In simplest terms, that's how Game 1 went for Miami and Atlanta.
Robinson came off the bench to set a franchise playoff record with eight 3-pointers, and the top-seeded Heat forced Young into matching the worst-shooting game of his career on the way to a 115-91 win over the eighth-seeded Hawks in the opener of an Eastern Conference first-round series Sunday.
“It's always nice to throw the first punch," Robinson said. “But in the grand scheme of things, it's just winning one game."
But this wasn't about offense for Miami. It was about defense, so much so that even Heat coach Erik Spoelstra — a former point guard himself — spent some possessions in a defensive stance, clapping his hands and imploring his team to dig a little bit deeper on that end of the floor.
“You have to be on edge," Spoelstra said.
The edge, for Miami, was razor sharp. Young went 1 for 12, matching his effort against Chicago on Jan. 23, 2019.
“You've got to give them credit," Young said. “They came out aggressive."
Game 2 is Tuesday.
“I thought Miami played at another level," Hawks coach Nate McMillan said. “We talked about that in our locker room, that in the playoffs, there's another level you have to get to. ... They showed us tonight there's another level we have to get to in order to compete in these playoffs."
Robinson broke the record of seven 3s that he previously shared with Damon Jones and Mike Miller.
He sizzled. The Hawks fizzled.
Young — who saw everything from traps to full-court pressure — was 0 for 7 from 3-point range and finished with just eight points, a season-low. Bogdan Bogdanovic missed all eight of his shots, and the Hawks never led outside of a brief edge in the opening minutes.
Butler revealed the Heat game plan when it comes to defending Young: “Just make it physical on him, challenge every shot, keep him off the free throw line and make him pass," he said.
“I'm very confident we're going to turn this around," Young said.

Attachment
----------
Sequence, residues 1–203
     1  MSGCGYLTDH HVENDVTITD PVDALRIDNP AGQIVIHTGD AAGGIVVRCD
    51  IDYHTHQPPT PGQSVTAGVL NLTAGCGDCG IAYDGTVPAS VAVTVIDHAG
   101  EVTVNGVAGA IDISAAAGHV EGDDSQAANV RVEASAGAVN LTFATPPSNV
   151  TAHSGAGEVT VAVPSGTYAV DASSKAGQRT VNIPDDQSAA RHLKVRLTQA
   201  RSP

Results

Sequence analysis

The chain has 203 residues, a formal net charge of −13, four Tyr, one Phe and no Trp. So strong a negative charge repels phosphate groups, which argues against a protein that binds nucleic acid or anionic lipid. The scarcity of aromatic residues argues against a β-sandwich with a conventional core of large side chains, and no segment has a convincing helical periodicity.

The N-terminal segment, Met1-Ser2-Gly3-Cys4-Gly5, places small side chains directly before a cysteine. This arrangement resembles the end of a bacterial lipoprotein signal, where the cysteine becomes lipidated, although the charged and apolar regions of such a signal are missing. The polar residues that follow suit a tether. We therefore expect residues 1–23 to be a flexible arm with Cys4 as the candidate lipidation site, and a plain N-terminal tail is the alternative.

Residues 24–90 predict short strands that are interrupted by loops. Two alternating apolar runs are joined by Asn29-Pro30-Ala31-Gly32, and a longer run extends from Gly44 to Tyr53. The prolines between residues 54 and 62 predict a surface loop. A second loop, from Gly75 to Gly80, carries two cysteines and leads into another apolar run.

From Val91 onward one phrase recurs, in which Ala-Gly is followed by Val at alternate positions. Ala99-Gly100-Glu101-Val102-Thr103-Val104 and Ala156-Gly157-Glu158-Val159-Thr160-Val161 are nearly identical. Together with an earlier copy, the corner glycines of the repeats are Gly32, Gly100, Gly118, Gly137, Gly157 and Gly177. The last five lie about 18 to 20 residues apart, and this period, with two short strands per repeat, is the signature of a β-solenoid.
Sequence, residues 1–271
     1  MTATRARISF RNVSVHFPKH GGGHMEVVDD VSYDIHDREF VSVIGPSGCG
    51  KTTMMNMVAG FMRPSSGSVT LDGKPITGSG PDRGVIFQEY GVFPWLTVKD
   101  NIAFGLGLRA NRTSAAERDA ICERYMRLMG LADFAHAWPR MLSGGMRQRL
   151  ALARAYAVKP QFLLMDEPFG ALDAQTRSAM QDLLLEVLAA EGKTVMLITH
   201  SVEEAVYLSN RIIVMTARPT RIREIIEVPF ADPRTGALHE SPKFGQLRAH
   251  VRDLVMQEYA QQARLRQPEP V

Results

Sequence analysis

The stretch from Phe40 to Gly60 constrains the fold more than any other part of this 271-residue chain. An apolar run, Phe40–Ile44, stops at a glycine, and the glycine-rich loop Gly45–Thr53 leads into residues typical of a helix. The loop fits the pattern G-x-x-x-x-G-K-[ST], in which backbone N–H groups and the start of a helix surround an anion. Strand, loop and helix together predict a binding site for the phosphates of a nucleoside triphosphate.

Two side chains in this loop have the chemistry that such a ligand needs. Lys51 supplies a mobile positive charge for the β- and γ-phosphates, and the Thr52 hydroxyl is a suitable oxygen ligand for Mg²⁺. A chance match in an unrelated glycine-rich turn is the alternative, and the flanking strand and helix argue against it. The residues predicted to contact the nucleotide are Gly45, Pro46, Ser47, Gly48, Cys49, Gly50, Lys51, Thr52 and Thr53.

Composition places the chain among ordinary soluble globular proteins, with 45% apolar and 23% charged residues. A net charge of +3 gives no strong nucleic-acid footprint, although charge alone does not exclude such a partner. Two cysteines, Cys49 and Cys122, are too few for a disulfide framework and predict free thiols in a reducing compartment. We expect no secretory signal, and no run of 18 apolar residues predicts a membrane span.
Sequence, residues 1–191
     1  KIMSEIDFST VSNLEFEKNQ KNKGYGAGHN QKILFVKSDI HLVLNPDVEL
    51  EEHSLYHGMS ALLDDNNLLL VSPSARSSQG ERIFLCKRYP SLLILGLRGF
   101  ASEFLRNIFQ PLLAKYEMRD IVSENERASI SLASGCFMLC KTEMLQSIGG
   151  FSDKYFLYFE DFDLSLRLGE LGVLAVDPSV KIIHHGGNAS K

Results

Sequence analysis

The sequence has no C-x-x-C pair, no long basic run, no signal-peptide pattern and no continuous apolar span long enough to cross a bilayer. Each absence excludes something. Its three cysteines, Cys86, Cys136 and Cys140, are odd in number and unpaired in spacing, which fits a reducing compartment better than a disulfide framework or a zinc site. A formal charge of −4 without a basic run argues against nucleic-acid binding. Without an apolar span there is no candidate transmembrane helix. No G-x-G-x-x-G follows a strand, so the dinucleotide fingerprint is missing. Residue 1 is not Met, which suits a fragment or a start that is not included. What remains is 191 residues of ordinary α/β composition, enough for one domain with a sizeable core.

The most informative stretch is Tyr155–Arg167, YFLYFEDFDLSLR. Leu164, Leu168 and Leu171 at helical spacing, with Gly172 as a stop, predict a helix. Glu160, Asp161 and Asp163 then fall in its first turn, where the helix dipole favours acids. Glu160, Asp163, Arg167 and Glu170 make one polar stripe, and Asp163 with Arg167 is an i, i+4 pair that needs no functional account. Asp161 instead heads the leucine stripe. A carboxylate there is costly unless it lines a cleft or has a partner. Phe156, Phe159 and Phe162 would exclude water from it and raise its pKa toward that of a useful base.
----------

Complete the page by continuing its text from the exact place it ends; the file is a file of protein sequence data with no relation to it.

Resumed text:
Atlanta went 3-0 in Game 1s last year, all three of those wins on the road, coming by two, four and three points, respectively.
That was then.
This was one-sided by halftime. The Heat set the tone by forcing Atlanta into a 1-for-11 start from the field — free throws were the only thing keeping the game close for much of the first half — and Miami took a 59-40 lead into the break.
A 3-pointer from Kevin Huerter early in the second got Atlanta within 26-20. A 15-6 Heat run, capped by a 3-pointer from Lowry, pushed the lead out to 41-26, and another 3 from Lowry later in the quarter made it 53-34.
Gallinari made a 3-pointer to open the second half, getting the Hawks within 16. And that was as close as the Hawks got. Miami controlled the rest of the third, turning things into a complete runaway.
It was 86-60 after three, the Hawks managing only one more point through 36 minutes than Miami had through 24, and the outcome was decided. A four-point play from Robinson with 8:54 left was probably the official end to all Atlanta hope, as Miami fans waved their white giveaway rally flags in earnest after the Heat won a home playoff game — excluding the bubble run in 2020, which obviously wasn't at home — for the first time since 2016.
“I came here for this." Tucker said.
Hawks: The 19-point halftime deficit was Atlanta’s second-largest of the season. Atlanta trailed Chicago by 21 at the break on Dec. 29. ... Atlanta was playing less than 36 hours after arriving in Miami following its play-in victory at Cleveland on Friday. The Hawks got settled in Miami around 3 a.m. Saturday, and Sunday had a 1 p.m. start.
Heat: Butler — one of the best free-throw shooters in the NBA — started 0 for 3 from the line, the first time he’s done that in his first three Heat seasons. ... Tucker, Lowry and Max Strus all got their first Miami playoff starts. There have now been 69 players all-time to start a playoff game for the Heat.
Robinson's eight 3s were the second-most in NBA playoff history by a reserve. Jason Terry had nine for Dallas in a 2011 win over the Los Angeles Lakers. J.R. Smith had eight for Cleveland in a 2015 game, also against Atlanta.
GAME 1 HISTORY
Miami improved to 26-22 all-time in Game 1s, including 20-7 at home — and 12-2 at home when playing host to a Game 1 in Round 1. Atlanta fell to 37-41 all-time in Game 1s, a figure that includes a handful of one-game playoffs from the league’s early days.
Collins (foot, finger injuries) played for the first time in 19 games. He was 4 for 6 in 21 minutes, with the Hawks needing extra depth inside with Clint Capela out with a right knee injury.
Game 2 is Tuesday in Miami.
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